Stiffness in the saddle can translate to your horse’s way of going, so it’s important to make sure you’re movement isn’t restricted before you mount up. Dressage rider and trainer Vikki Hayton shares how you can address two common areas of restricted movement: your hips and your upper body.

1 Address your stiff hips

“Horse riding is still a form of exercise, but people often neglect to warm up in preparation,” says Vikki. “As riders, we’re not great at working ourselves in and can often get on our horses feeling stiff. Being crooked or stiffer on one side can have a big impact.”

Doing jobs around the yard is a great way to warm up, but it’s also worth doing stretches to help you limber up.

“Yoga is also great for horse riders,” adds Vikki. “Stretch your legs and your spine and make sure you feel warm before you get on board.”

Your stretching doesn’t have to stop just because you’re in the saddle. Tight hips are common among horse riders, but keeping them flexible can help you to move better with your horse and sit deeper in the saddle.

Try this during your next warm up:

  1. Ask your horse to halt in the middle of the school. If you’re unsure whether he’ll stand, ask someone to hold him for you.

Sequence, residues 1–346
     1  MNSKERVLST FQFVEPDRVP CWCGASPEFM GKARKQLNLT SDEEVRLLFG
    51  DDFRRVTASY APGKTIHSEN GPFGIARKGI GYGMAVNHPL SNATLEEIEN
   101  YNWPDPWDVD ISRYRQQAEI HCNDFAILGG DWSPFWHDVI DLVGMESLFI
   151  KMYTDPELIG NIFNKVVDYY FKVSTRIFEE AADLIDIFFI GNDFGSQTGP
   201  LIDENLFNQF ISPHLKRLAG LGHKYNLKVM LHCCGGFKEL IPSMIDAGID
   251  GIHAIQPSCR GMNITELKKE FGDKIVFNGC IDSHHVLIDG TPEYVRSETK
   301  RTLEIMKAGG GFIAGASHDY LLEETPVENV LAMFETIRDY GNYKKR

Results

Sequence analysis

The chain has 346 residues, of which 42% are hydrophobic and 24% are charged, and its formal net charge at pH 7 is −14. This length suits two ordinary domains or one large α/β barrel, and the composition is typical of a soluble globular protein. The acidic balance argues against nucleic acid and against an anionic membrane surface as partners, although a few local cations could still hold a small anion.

2. Take your right foot out of the stirrup and swing your lower leg back, so that you can grasp your ankle with your right hand with a bend in your knee.
  3. Gently stretch through your thigh, aiming to bring your foot towards your bottom.
  4. Hold for a count of 10 and repeat on the other side.
  5. Repeat this three times with each leg.

2 Tackle limited upper body movement

Being able to move as one with your horse is something we all strive for. If you feel locked in position in your upper body, a small change could be all you need.

“If you’re still in your elbows and shoulders, it can be easy to let your hand position slip, pushing your thumbs out to the side as if you were pushing a shopping trolley,” says Vikki. “Your elbows should be tucked into the side of your body, giving you more elasticity through your arms.”

For the perfect hand position, keep your thumbs on top and your elbows bent. The height of your hands is also important. Too high and you’ll pull the corners of your horse’s mouth, which could make him raise his head. Too low and he may end up leaning on the bit.

The ideal height all depends on where your horse is at in his training. Less experienced horses will benefit from hands held lower and wider, whereas more experienced ones will respond better if your hands are in line with your hips.

Meet the expert: Vikki Hayton is a British Dressage trainer, judge and rider. She is a UKCC Level 3 coach, British Event trainer, and has her BHSI. She also runs College Farm EC.

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